The Help




Rating: PG-13


Reason for the Rating: Thematic material.


Plot Summary: Aspiring writer, Skeeter, decides to write a book from the perspective of black household servants living and working in volatile Jackson, Mississippi in the 1960s .


PopFam Recommends: The Help is thought-provoking and heart-warming, beautifully—if simply—portraying the challenges of living amidst racism in the South in the 1960s. A must-see for most families with tweens and teens.


This is the movie we've been waiting all summer to see. Harry Potter was a great ending to a saga, Captain America was fun and full of effects, but The Help...this is a powerful movie that stays with you and lingers in the back of your brain. The story, the acting, the soundtrack— everything down to the sets is impactful and perfect.


Based on a novel by the same name, The Help is set in the early 1960's at the beginnings of the Civil Rights Movement. Skeeter Phelan (Emma Stone) recently graduated from Ole Miss and has yet to get married or begin a family. Which sets her apart from the girls she grew up with. Skeeter has goals, which include more than a family...a crazy idea in those days. Specifically, she wants to be a writer, and so she begins looking for something interesting to write about. What she comes up with is something that has been in front of her her whole life. The Help. The maids who come into white homes to cook, clean, and care for the children. What is life like from their perspective?


In the early 60's there were laws to monitor the interaction between whites and blacks, which means Skeeter must tread lightly in finding help who will talk. Luckily, she finds a maid, Aibileen (Viola Davis), who's white employer recently built her a bathroom, outside, so she wouldn't use their toilets. "They carry different diseases than we do," says Hilly (Bryce Dallas Howard), Skeeter's friend from high school. "I'm just thinking of our children." It's the final act that drives Aibileen to tell her story to Skeeter.


Aibileen's best friend is Minny (Octavia Spencer), a back-talking maid who finds herself fired by Hilly. Unfortunately for Minny, Hilly is climbing the social ladder and hungry for power. She tarnishes Minny's reputation as a maid, and no one will hire her. This leaves Minny to seek employment from Celia Foote (Jessica Chastain), a newcomer in town who Hilly despises. Celia is different from any other white woman Minny has ever met. She'll hug a black woman. Share a meal with the maid. Even share secrets no one else knows about.


The story of The Help is so interwoven with details, it's impossible to relay all that happens. There's a Junior League fundraiser that goes awry, toilets in the lawn, lots of fried chicken, and a pie that will make you cringe. More importantly though, there are surprising friendships and connections made that will draw you into the lives of its characters, make you laugh, and most likely make you cry.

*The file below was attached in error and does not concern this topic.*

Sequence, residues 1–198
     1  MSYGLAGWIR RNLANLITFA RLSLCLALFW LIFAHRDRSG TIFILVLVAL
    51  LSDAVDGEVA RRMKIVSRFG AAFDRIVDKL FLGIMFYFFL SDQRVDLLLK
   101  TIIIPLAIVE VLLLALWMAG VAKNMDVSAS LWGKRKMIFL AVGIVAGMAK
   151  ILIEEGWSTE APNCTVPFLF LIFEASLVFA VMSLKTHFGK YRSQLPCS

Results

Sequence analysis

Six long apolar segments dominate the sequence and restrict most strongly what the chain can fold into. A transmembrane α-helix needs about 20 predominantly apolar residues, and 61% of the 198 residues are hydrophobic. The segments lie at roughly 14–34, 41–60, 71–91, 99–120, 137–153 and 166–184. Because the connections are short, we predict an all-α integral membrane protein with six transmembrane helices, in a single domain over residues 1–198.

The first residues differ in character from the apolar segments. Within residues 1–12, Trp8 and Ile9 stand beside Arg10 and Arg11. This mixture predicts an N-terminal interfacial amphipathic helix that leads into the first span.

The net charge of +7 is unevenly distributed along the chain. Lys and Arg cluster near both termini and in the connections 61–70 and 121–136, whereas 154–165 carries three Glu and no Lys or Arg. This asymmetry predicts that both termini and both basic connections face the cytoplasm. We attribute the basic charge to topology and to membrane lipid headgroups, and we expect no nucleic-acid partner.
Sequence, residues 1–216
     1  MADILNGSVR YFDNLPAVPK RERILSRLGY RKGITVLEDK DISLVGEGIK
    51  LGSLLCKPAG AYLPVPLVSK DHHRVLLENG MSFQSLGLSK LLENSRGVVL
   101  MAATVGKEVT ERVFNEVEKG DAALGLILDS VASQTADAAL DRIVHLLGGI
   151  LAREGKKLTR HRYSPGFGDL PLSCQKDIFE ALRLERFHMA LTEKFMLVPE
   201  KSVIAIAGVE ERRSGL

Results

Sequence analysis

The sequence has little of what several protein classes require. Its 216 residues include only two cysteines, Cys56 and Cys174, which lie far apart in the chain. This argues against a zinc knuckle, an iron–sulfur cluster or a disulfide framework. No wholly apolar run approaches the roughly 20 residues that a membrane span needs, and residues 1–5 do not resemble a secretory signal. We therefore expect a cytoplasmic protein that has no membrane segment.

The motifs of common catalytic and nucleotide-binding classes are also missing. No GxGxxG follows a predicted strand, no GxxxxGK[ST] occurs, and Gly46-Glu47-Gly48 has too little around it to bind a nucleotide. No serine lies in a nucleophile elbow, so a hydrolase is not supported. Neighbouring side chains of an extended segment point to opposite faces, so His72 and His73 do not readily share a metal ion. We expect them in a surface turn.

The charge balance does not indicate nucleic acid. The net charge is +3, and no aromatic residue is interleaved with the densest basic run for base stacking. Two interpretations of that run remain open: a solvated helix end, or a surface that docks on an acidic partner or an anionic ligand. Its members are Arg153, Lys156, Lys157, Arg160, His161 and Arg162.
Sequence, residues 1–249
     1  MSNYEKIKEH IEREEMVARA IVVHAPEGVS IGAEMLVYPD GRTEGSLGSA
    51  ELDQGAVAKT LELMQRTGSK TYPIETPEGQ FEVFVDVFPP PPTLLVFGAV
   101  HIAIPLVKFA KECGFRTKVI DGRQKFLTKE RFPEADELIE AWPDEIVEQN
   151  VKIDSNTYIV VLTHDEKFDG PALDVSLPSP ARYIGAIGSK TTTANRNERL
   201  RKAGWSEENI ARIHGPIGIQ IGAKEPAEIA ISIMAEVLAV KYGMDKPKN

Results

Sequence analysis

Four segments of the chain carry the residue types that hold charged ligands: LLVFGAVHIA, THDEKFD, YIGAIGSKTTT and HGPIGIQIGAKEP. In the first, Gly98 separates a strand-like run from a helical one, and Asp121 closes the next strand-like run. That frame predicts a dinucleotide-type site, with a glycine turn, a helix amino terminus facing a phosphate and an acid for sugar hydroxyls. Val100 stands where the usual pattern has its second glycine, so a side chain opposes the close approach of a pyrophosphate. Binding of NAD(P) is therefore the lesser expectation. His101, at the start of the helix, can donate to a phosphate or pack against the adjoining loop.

There are those who have criticized movie and book alike for not being an accurate reflection of racial issues during the 60's, of setting a white woman as the savior of the black women, etc, etc. Which I find interesting for several reasons. Regardless, this is a movie that portrays courage and integrity in difficult situations, friendship under fire, and will certainly spark meaningful discussion of both moral and spiritual issues. Parents should be aware that while this is a story of courage, integrity, and friendship, there are scenes that are quite emotional. Witnessing the mistreatment of others can be disturbing for many, and while violence isn't shown, it is implied in a way that might be upsetting for young children.


As an avid reader, I loved this book. And surprisingly I also loved the movie. I think you will too. Just remember to bring some Kleenex.


Bonus features on the Blu-ray/DVD 2-Disc Combo Pack are actually kind of light--surprising in this instance. In any case, they include deleted scenes...more deleted scenes, a "making of" featurette, and a tribute of sorts to maids of Mississippi.


Let’s Talk About It

Use these questions to spark discussion among family members who are interested in this movie:


• Aibileen copes with the injustices at her job with polite silence, while Minny responds with a smart mouth (and other tactics). Who do you think you would be most like?


• Do you think you would have been brave enough to speak up if you were Minny or Aibileen?


• Have you ever witnessed someone being discriminated against? What did you do? What do you wish you had done?


--JW, with AV


Note: All product-related graphics in this article are standard publicity/promotional shots and are owned by their respective publisher.

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